Exercising during Ramadan
It can be hard to maintain a healthy lifestyle and build up your fitness. Even with access to the best gym in Dubai, normal nutrition and lifestyle patterns, people can struggle to keep on top of things.
This becomes almost insurmountably harder during a fast - when you cannot eat or drink for pretty much the whole day. This is what nearly 2 billion Muslims face every year as Ramadan comes around. Exercise during Ramadan can be tough and for many people, it can be non-existent during this period.
Ramadan shifts according to the movement of the moon. This year it falls in around the last week of April. For a full 30 days, during the middle of the summer when daylight hours are at their longest, those fasting cannot eat or drink between sunrise and sunset. This means many people will be fasting for around 18 hours a day.
The gym in Ramadan
If you’re adhering to Ramadan this year, the following scenario could sound all too familiar. You like to go to your gym in Dubai, lift weights, go to a few classes, work with the best personal trainers, and eat a balanced, healthy, high protein diet for the whole year-round.
Then Ramadan arrives and suddenly you have to maintain your fitness whilst also fasting.
There are a few things that could hamper your workouts whilst fasting. Of course, the lack of food and water throughout the day will be a big deal. It’s hard to concentrate on anything when you’re without water in high temperatures for the majority of the day, let alone focussing in and gathering enough energy to get a good session in at the gym.
It’s also hard to train without sufficient blood glucose in your system, and it’s hard to recover properly without adequate amounts of fat and protein, all of which can be lacking during the Ramadan fast.
However, sleep deprivation will also be a big inhibitor to exercise in Ramadan. If you have to get up at four am every morning to prepare food, eat and pray, then have to go about your daily life, as usual, you will find exhaustion creeping in quite quickly. Exercising during Ramadan can be incredibly tough.
How to exercise safely
According to the best personal trainers, there are a few things you can do to make the process a little more palatable and to keep yourself safe as you exercise whilst fasting.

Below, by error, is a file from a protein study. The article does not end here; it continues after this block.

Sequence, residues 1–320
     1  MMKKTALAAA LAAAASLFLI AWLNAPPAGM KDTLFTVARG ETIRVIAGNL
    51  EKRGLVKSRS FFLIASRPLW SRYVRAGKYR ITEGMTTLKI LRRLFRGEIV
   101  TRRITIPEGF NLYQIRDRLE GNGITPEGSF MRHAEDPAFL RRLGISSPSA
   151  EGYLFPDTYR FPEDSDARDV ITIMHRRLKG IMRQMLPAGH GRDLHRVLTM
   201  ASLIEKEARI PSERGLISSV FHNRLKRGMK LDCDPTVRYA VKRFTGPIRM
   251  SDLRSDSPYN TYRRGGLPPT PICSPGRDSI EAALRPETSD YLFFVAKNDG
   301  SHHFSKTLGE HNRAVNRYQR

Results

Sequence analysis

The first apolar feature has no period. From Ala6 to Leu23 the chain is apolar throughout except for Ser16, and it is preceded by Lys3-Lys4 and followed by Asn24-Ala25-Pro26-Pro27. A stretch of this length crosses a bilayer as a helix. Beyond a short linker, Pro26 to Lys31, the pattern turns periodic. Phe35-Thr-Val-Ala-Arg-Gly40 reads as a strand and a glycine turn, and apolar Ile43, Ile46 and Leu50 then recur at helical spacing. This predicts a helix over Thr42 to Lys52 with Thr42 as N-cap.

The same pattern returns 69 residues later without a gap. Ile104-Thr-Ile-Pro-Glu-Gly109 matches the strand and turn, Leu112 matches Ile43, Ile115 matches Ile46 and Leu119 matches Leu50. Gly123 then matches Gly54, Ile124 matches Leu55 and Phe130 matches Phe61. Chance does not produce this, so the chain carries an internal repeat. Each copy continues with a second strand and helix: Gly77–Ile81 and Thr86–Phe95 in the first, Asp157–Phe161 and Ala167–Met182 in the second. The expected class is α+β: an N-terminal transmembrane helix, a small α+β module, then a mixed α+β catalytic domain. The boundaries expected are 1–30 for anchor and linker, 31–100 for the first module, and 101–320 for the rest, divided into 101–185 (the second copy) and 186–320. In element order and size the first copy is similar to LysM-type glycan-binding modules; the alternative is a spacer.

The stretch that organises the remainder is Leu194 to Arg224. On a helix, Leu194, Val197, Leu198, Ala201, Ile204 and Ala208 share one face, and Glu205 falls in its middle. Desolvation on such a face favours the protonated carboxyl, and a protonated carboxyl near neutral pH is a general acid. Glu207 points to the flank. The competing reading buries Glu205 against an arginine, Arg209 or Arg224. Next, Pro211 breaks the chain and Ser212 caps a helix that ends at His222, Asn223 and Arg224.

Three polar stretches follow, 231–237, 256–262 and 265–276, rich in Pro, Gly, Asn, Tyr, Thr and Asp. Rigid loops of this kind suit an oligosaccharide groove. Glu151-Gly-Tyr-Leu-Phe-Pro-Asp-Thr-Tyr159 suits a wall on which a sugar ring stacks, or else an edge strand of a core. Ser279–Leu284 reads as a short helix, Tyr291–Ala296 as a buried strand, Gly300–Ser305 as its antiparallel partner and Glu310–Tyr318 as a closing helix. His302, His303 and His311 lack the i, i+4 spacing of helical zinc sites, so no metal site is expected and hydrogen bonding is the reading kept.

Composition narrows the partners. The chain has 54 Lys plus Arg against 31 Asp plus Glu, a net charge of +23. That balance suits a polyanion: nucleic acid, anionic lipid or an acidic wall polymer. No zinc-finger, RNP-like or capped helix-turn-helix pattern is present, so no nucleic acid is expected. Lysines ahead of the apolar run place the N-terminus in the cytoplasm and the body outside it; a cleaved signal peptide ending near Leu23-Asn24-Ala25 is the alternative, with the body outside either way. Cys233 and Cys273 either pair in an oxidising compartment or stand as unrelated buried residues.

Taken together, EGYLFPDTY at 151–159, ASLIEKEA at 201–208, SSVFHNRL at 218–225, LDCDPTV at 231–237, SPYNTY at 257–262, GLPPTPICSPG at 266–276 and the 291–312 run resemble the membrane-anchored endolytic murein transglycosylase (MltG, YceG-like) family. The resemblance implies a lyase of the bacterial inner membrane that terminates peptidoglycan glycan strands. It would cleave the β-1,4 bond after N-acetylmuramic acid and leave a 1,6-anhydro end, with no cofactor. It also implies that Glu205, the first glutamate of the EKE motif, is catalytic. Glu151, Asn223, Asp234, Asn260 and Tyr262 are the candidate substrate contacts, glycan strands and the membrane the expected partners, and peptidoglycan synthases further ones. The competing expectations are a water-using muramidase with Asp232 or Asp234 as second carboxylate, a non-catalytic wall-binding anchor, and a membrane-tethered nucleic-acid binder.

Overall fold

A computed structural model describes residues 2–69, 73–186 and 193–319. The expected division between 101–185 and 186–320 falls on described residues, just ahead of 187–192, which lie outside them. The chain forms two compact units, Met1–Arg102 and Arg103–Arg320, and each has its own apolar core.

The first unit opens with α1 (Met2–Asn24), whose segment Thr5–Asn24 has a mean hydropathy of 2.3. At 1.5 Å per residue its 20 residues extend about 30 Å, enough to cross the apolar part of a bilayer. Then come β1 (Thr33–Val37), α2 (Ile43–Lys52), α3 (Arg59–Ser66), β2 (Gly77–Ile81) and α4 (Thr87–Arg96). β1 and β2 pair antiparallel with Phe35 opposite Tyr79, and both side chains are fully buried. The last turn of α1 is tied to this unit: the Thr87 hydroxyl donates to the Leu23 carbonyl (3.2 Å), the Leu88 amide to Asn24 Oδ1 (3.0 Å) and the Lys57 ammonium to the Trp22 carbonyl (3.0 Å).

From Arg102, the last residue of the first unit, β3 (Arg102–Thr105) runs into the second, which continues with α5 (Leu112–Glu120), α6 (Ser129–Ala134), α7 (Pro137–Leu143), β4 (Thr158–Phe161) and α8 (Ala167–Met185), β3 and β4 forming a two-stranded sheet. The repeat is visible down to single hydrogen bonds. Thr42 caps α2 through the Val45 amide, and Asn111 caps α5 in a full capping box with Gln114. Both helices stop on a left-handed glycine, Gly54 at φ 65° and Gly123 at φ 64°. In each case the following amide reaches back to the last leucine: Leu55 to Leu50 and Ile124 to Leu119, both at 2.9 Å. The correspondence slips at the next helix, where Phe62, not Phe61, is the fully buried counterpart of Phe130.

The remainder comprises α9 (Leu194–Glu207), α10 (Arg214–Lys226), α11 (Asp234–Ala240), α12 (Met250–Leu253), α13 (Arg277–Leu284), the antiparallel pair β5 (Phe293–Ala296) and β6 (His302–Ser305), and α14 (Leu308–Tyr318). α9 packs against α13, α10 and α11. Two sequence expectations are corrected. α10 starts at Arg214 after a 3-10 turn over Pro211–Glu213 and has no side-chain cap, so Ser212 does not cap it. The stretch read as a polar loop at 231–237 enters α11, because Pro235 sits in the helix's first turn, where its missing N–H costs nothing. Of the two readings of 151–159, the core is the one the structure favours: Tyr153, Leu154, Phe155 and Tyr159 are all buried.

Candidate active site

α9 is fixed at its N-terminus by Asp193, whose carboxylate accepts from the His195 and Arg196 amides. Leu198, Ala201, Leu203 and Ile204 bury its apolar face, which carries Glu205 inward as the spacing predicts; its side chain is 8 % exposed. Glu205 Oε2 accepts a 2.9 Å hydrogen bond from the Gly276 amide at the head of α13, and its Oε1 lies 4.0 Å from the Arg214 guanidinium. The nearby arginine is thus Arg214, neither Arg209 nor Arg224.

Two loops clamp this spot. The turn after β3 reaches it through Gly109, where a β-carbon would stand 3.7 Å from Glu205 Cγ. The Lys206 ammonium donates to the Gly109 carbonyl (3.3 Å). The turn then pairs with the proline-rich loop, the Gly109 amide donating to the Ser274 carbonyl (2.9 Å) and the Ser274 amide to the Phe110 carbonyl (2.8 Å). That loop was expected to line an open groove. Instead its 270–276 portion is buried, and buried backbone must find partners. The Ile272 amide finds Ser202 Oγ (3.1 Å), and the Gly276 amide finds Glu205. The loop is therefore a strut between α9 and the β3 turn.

Try training early in the morning, before dehydration and exhaustion catches up with you. You will be more mentally alert and your risk of injury will be much lower, meaning that you can go through something similar to your usual routine without putting yourself in potential danger.
Also, make sure to get plenty of calories in both before sunrise and after sunset: emphasize healthy fatty foods, lean protein sources and mixed, complex, slow-release carbohydrates. These will keep you charged up throughout the day and will help prevent you from succumbing to heat stroke or exhaustion as you exercise.
Sleep should also take center stage. If you can, try to get in a few extra hours of sleep throughout the day, either after you’ve broken your fast in the morning or as a siesta in the afternoon. Chronic fatigue is nasty and dangerous: avoid it at all costs. If you cannot get the sleep in, you shouldn’t be pushing yourself hard in the gym - it isn’t safe.
Pick a lower intensity activity for your daily workout whilst fasting, even if you’re getting lots of sleep in. Walking instead of driving, gentle stretches and mobility work, and lighter gym session are in order: leave the intense training to the rest of the year when you have the caloric means to make the most of it.
Finally, hydration is key. Make sure to drink plenty when you can to stay safe and healthy. Water is good, of course, but electrolyte replacement is also important. You can either buy isotonic drinks or make your own by adding a dash of sodium (salt) and a spoonful of sugar to tea or squash. Be wary of trying to plug the gap in energy with caffeine, as it will only serve to dehydrate you further and will bring you crashing down in the middle of the day.